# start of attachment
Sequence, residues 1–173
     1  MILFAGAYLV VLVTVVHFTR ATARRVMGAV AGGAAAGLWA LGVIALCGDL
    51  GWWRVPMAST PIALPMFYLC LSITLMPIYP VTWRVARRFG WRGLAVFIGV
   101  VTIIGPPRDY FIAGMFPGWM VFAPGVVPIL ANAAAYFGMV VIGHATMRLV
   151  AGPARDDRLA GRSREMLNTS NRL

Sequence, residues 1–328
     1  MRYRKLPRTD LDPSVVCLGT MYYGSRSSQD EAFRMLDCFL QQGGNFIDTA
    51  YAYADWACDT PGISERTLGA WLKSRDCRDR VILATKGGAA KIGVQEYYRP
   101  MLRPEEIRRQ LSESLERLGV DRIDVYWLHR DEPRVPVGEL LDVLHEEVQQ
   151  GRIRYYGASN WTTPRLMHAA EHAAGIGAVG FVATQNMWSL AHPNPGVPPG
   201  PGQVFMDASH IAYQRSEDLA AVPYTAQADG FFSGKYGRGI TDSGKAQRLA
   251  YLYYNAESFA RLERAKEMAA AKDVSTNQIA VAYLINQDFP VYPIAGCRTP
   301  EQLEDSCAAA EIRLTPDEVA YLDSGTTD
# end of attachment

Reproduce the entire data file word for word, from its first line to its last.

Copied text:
Sequence, residues 1–173
     1  MILFAGAYLV VLVTVVHFTR ATARRVMGAV AGGAAAGLWA LGVIALCGDL
    51  GWWRVPMAST PIALPMFYLC LSITLMPIYP VTWRVARRFG WRGLAVFIGV
   101  VTIIGPPRDY FIAGMFPGWM VFAPGVVPIL ANAAAYFGMV VIGHATMRLV
   151  AGPARDDRLA GRSREMLNTS NRL

Sequence, residues 1–328
     1  MRYRKLPRTD LDPSVVCLGT MYYGSRSSQD EAFRMLDCFL QQGGNFIDTA
    51  YAYADWACDT PGISERTLGA WLKSRDCRDR VILATKGGAA KIGVQEYYRP
   101  MLRPEEIRRQ LSESLERLGV DRIDVYWLHR DEPRVPVGEL LDVLHEEVQQ
   151  GRIRYYGASN WTTPRLMHAA EHAAGIGAVG FVATQNMWSL AHPNPGVPPG
   201  PGQVFMDASH IAYQRSEDLA AVPYTAQADG FFSGKYGRGI TDSGKAQRLA
   251  YLYYNAESFA RLERAKEMAA AKDVSTNQIA VAYLINQDFP VYPIAGCRTP
   301  EQLEDSCAAA EIRLTPDEVA YLDSGTTD